Democrats have a delicate balancing act over the next 18 months to retain control of Congress, a reality made clear in a presentation Thursday by a veteran party strategist.
President Biden has focused his first few months on the passage of the $1.9 trillion COVID-19 relief package, which he signed into law last week. That emphasis will not ebb, as Biden and Democrats plan to raise awareness about the benefits of the deal for much of this year and into the next.
As that happens, Congress will take up multiple big-ticket items. An effort to improve the nation’s infrastructure — which could attract Republican support — will sit alongside a bitterly partisan battle over voting rights and election laws. And that is where the tension lies for Democrats.
It’s critical for Democrats that they make sure voters know how the COVID relief bill helped them, but the new voters who helped Biden win the White House also want to see progress on racial justice issues.
Guy Cecil, chairman of Democratic super-PAC Priorities USA, said that the group he leads will spend most of its efforts this year promoting the rescue plan.
“Our job is to make [voters] understand that not one Republican lifted a finger to make this happen,” Cecil said of the COVID relief bill, which indeed received no votes from Republicans in either the House or Senate. “We’ll lean more heavily into that versus just straight advocacy for pending legislation.”
That reference to “pending legislation” would include something like the For the People Act, the Democrats’ signature voting rights legislation. Senate Democrats introduced the bill on Wednesday. The legislation passed the House March 3 on a party-line vote. But it cannot pass the Senate under current rules, which require 60 votes to overcome a filibuster.
There is talk of bringing back the “talking filibuster,” a requirement that those who seek to use it to block legislation they oppose would have to physically hold the floor of the Senate and debate the issue.
But Cecil’s presentation to reporters, which was based on polling that the group has done in key swing states, argued that the Democrats’ biggest edge is on economic issues that build on the belief among many key voters that Republicans “favor the wealthy.”
Cecil said this is also why the infrastructure issue is a political winner for Democrats. “We know we have some battles coming over taxes,” he said, as Congress debates how to pay for spending on roads, bridges and other projects.
“We have pretty strong numbers across the board in terms of how people are viewing the tax argument,” Cecil said.
This applies to the kind of white working-class voters who cast their ballots for Trump in large numbers over the past two elections, who lean right on culture war and racial issues but lean left on economics and favor raising the minimum wage or expanding health care.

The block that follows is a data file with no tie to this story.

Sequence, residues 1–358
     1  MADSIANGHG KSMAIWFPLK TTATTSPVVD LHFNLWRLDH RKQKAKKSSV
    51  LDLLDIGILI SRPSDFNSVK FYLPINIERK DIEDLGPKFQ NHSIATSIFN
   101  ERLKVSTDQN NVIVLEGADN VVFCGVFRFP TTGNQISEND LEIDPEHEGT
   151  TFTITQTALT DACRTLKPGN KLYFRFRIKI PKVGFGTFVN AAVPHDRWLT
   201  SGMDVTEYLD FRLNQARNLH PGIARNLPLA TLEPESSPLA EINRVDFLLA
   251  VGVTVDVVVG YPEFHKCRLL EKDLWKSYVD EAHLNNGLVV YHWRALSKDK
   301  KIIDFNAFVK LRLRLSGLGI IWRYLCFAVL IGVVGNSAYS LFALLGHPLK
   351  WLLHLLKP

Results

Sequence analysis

On the other hand, Cecil made clear that Democrats have been taking the support of Black and Latino voters for granted, and that that has to change in the 2022 elections.
“Democrats for too long viewed Blacks and Latinos as voters for mobilization purposes,” Cecil said. “That no longer works. We need to understand that Black and Latino voters are voters that should be persuaded and mobilized.”
In the parlance of election professionals, a “mobilization target” is someone who is already going to vote for your candidate and just needs to be instructed on when and how to vote. A “persuasion target” is a voter whose support is not certain.
In the 2020 election, then-President Donald Trump increased his support among both Latino voters and Black voters, especially Black men.
Cecil said that in plurality Black precincts, if there was an increase in participation, Democrats did better there. But if participation was down, Democratic vote share declined.
In heavily Latino areas, if participation went down or even stayed flat, that benefited Trump in 2020, while an increase in new voters helped Biden.
“If Democrats don’t spend significant resources online communicating to new Biden voters, we will lose in ’22,” Cecil said. He emphasized that this messaging has to start now. “We must mobilize these people in 2022.”
The profile of a new Biden voter, Cecil said, is 57 percent female. The racial breakdown is 54 percent white, 21 percent Black, 17 percent Latino and 4 percent Asian. While 48 percent of these voters consider themselves liberal, 37 percent consider themselves moderate and 9 percent identify as conservative. The biggest slice, at 45 percent, is under 35 years old. And 62 percent do not have a college degree.
The good news for Democrats, Cecil said, is that these new Biden voters reported in overwhelming numbers that they plan to stay engaged in politics. Cecil said he hadn’t seen responses like that ever.
“There is a real opportunity for Democrats if we will focus on these voters going forward,” he said.
But “they want to see progress,” he added.
And 91 percent of these voters said that they “wanted to elect someone who would address racism and stand up for racial justice.”
But while the fight over voting rights is clearly one of the top issues for racial justice advocates, for now it appears that messaging from top Democratic firms like Priorities USA is going to be focused on touting progress made — like the COVID relief package and its benefits — rather than progress thwarted.
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